You'll need an open mind

Now this is a slightly delicate point to broach...

As a software developer, I'm well aware that software developers are often particularly sensitive to anything that could be deemed "spammy". Personally I think that spamminess is a sliding scale, and that the position of the good/bad line is, to some extent, a matter of personal choice.

So, although I think that the majority of the content covered by the Secret Classroom was good wholesome stuff, several of the presenters do put forward a number of techniques that I'm sure some would consider spammy. I'm not talking about actual spam emailing or black-hat SEO, but things like 30-page sales letters, affiliate marketing, and rather manipulative sales copy.

My personal spam radar didn't find too much to get upset about, but then I like to think of myself as a pretty open-minded guy that's happy to learn from people whether or not I agree with everything they say or do.

If you're the kind of person that thinks email marketing to a double-opted-in list of subscribers is evil, or if you've labelled me a shameless spammer for including affiliate links in this review, then I strongly suspect your spam radar may be a little too sensitive to allow you to appreciate a good proportion of the Secret Classroom.

Each speaker has a different voice, and, although they are generally consistent in what they recommend, there are certainly inconsistencies and differences of opinion. This is important to appreciate: no single speaker is representative of the others, and neither is Joel Comm and his rather hypey Secret Classroom sales letter.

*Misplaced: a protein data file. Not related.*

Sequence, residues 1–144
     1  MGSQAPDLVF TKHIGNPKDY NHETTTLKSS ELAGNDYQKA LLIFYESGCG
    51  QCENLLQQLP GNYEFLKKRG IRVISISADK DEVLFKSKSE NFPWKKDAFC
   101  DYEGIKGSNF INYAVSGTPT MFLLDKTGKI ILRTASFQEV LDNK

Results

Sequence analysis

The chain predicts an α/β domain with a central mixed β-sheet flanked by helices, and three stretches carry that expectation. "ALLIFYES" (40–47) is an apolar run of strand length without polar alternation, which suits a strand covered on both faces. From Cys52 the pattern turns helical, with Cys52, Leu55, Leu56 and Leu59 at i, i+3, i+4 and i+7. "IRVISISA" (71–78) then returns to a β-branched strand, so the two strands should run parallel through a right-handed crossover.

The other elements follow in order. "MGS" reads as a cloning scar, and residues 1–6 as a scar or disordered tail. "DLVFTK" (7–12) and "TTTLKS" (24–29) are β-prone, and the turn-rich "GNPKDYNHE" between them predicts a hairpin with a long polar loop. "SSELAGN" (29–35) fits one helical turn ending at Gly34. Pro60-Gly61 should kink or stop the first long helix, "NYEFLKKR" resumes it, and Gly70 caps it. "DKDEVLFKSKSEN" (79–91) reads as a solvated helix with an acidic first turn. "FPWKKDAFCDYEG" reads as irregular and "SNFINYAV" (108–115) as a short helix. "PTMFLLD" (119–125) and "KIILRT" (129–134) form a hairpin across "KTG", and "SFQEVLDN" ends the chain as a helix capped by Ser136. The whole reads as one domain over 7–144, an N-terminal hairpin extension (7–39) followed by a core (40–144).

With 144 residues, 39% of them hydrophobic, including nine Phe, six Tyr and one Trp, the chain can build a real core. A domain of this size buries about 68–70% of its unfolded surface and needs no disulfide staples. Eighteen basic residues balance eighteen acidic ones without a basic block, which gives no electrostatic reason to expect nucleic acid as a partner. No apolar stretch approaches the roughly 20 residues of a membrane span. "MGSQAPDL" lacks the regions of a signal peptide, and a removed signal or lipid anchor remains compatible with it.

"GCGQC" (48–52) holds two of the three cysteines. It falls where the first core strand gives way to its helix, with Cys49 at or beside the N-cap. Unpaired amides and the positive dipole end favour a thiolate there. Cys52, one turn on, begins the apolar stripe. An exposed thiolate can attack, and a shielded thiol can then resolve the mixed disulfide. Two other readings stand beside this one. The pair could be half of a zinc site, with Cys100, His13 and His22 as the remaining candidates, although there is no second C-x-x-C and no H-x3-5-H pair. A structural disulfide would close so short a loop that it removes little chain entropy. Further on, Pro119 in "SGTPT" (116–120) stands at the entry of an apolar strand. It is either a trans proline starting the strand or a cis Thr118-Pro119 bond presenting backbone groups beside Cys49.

It's perfectly possible to pick and choose which speakers to trust, and which aspects of their advice you wish to follow - so long as you're not a black-and-white thinker, you'll have no problem taking the parts you like and ignoring the rest.

Don't expect to get results without effort

If you have an existing product, the Secret Classroom may certainly help you to come up with good ideas for ways to market it.

If you are looking for an idea for a product, the Secret Classroom may well help you to think of one (although I would say that you'd be more likely to benefit if you have a product or at least a vague product idea already).

But what it won't give you is anything that you can benefit from without putting in some effort. For example, Mike Koenigs' presentation could give you some good ideas for video-marketing your product and it could help you to do it faster and more effectively than you would be able to do otherwise, but you'd still have to put in a fair bit of effort to get any results.

The other things that the Secret Classroom teaches are no different - they won't do you any good unless you apply them to your business and put in the effort necessary to make them work for you.

This is kind of obvious really, but it's worth spelling out - don't expect that simply watching through the Secret Classroom DVDs will get you anywhere. There are no free lunches that I'm aware of, and I suspect that anyone that promises them is lying to you.

Saying that, however, if you've got the persistence to see your ideas through, you could certainly find that even just one great idea that the Secret Classroom inspires in you could cover the cost of the DVDs. Making such an ROI calculation can never be an exact science, but I'm confident that it would work out favourably for me at least - I've come up with quite a few seemingly excellent ideas that I don't think I'd have come up with if I hadn't watched the Secret Classroom. Though, as I've already indicated, your mileage may vary!